Some local and state officials expressed concern Wednesday that Maryland might be moving too quickly to lift restrictions intended to protect residents from the novel coronavirus, which continues to infect hundreds in the state each day.

The top leader in Maryland’s most populous jurisdiction, Montgomery County, said he was disappointed with Gov. Larry Hogan’s announcement Tuesday advancing the state into its third phase of reopening. Meanwhile, state Comptroller Peter Franchot (D) questioned Hogan’s advice that it was safe for schools to reopen for in-person instruction.

“I just think we’re being prematurely rushed,” Franchot said at a Board of Public Works meeting chaired by Hogan (R). “The virus is far from contained.”

Along with Montgomery, the city of Baltimore said it also will opt out of Hogan’s plan to allow all businesses to reopen — including movie theaters and entertainment venues — at 5 p.m. Friday. Howard and Baltimore counties announced that they would move ahead with lifting restrictions, while officials in Prince George’s and Anne Arundel counties said they were evaluating the governor’s order and would announce their decisions on Thursday.

Most of those six jurisdictions, which account for more than 80 percent of the state’s caseload, have lifted pandemic restrictions at a slower pace than other parts of Maryland.

Hogan has empowered local officials to set the pace of reopening but in recent days has chided some counties for choosing online-only school reopening plans or maintaining restrictions on youth sports.

Montgomery County Executive Marc Elrich (D) said at a news conference Wednesday he was disappointed by Hogan’s decision to move the state to Phase 3, adding that local elected officials and health officers were not consulted ahead of time.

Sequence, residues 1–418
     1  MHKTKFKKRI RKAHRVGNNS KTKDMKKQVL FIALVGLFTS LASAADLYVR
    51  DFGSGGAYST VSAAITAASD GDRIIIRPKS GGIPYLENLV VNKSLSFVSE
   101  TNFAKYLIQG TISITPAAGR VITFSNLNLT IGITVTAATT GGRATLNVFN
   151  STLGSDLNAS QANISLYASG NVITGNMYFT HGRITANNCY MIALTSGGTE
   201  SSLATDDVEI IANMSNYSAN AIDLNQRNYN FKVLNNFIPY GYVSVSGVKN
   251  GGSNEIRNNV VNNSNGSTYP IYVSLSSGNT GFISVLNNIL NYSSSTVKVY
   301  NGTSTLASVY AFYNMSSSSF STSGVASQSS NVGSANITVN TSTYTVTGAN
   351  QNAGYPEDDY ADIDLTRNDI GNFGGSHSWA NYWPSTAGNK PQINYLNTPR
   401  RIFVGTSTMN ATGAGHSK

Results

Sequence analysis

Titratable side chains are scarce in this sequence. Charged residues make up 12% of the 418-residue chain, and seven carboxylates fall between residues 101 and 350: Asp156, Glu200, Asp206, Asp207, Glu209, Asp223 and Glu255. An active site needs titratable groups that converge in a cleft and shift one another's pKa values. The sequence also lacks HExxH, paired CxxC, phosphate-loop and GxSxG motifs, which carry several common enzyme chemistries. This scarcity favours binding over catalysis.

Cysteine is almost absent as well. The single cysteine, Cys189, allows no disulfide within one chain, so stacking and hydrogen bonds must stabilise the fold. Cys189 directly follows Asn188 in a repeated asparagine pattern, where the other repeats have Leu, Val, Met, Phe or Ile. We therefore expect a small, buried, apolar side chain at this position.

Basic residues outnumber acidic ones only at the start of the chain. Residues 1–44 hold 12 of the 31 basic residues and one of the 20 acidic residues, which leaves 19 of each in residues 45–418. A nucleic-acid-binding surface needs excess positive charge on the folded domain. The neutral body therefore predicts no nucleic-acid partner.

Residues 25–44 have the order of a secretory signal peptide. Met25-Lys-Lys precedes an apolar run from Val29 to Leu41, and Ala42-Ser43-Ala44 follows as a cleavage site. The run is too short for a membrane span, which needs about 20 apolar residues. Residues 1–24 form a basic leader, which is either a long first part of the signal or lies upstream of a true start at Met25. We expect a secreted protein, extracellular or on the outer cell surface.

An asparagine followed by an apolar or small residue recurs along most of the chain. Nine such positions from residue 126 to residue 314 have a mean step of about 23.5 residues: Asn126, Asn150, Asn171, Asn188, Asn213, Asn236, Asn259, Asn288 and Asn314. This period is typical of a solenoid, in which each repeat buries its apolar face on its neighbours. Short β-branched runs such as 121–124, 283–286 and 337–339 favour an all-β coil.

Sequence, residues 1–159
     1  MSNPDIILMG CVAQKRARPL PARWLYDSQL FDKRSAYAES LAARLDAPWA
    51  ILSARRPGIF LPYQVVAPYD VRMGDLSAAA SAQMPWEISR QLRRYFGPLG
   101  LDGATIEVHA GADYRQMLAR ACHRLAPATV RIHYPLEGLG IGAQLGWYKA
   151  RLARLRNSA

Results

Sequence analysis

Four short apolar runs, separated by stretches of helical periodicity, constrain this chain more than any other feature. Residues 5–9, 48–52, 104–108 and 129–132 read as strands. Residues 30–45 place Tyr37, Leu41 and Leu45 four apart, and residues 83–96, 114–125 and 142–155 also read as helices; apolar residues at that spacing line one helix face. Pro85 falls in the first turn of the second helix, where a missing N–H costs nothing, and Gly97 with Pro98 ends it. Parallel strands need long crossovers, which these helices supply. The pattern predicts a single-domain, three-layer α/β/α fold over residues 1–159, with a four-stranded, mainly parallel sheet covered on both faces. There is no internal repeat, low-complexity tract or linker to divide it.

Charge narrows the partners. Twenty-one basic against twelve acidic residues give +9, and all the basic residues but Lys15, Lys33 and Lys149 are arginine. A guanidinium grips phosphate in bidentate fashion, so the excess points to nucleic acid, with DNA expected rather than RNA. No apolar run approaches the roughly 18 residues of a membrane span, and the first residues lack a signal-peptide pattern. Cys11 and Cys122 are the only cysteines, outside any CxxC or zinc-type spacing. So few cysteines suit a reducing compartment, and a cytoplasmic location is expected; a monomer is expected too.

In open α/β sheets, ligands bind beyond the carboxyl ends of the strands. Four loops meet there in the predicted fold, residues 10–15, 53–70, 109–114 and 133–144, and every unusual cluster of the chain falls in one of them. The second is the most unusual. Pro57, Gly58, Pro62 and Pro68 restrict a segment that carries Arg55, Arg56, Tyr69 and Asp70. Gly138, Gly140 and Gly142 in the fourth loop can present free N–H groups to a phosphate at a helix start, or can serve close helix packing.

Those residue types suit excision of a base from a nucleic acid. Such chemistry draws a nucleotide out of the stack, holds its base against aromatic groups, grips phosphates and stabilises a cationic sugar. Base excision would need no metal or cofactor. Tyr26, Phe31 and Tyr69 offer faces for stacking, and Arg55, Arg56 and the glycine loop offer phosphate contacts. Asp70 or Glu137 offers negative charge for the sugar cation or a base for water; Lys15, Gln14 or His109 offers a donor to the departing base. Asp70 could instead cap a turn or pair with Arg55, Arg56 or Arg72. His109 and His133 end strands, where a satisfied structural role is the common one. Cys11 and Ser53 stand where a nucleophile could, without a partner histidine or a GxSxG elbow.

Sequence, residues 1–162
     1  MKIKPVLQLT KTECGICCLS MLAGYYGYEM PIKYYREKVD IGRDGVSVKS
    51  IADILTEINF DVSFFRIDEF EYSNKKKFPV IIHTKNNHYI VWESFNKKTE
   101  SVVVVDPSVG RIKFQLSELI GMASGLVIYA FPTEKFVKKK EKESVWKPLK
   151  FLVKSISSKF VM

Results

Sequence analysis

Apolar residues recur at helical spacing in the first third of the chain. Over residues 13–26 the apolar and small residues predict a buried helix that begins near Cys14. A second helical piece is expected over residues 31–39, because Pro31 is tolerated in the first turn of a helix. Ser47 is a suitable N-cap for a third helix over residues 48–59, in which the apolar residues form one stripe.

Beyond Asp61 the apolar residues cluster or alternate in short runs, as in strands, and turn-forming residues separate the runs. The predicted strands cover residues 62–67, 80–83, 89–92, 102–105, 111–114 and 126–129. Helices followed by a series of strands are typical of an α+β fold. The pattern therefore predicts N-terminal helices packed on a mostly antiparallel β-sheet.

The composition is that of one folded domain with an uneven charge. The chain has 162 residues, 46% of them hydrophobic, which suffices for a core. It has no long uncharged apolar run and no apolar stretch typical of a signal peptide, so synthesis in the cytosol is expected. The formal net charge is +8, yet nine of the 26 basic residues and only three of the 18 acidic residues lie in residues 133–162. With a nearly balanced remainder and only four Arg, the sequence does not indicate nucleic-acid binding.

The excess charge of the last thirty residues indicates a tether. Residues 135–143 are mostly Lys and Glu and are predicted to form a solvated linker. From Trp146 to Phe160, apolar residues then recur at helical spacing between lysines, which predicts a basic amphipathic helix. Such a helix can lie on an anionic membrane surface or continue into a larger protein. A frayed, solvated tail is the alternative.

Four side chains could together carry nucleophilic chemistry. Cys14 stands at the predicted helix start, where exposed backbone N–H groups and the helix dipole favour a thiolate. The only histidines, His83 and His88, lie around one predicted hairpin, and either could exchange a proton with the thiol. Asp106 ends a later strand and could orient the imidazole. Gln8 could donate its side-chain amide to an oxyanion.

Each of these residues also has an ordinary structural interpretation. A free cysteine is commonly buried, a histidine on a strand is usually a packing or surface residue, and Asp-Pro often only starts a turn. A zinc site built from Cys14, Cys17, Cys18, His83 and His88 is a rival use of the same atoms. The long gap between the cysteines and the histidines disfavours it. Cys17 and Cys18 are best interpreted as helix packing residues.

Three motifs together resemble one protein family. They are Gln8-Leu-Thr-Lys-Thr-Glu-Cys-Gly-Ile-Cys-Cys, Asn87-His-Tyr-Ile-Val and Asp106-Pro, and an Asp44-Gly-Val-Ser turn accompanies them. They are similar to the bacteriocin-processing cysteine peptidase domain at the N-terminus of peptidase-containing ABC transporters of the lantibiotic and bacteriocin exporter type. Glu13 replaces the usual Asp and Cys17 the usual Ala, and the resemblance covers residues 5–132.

Montgomery does not plan to enter the next reopening phase in the near future, Elrich said, but could lift certain restrictions on entertainment venues ahead of the Labor Day weekend.

Elrich sent a letter to Hogan last month urging him to allow live performances with audiences of less than 50 people. He said he was told last week that only businesses serving food could have live entertainment and was caught off guard by the state’s announcement Tuesday that all venues could resume operation.

Elrich declined to say when the county would be ready to follow the rest of the state into Phase 3 but noted that he is looking to match metrics of places such as New Jersey and New York, which have reported test positivity rates below 1.5 percent.

As of Wednesday, the three-day average of Montgomery’s test positivity rate was 3.1 percent. The statewide rate has hovered below 4 percent since the start of August.

“It is not party time yet. It is not time to relax,” Elrich said. “Our numbers got where they did by being careful. We’re going to continue being careful because I don’t want these numbers going back up.”

The number of new infections per day in Montgomery has plateaued since late June at about 60 to 80 cases. While the county avoided a rise in cases that plagued the Baltimore metropolitan region and the coastal areas of the state in July, it has not lowered its daily caseload to 30 or 40, which is the standard of “moderate transmission” the county wants before moving into the next phase, county Health Officer Travis Gayles said.

Baltimore, which reimposed some pandemic restrictions when cases spiked two months ago, won’t join the move to Phase 3 but will lift some restrictions after the holiday weekend. The city will allow dining establishments to resume indoor service up to 50 percent capacity.

“We do not want to erase the gains we have made over the past month by loosening restrictions now,” Mayor Bernard C. “Jack” Young (D) said during a news conference.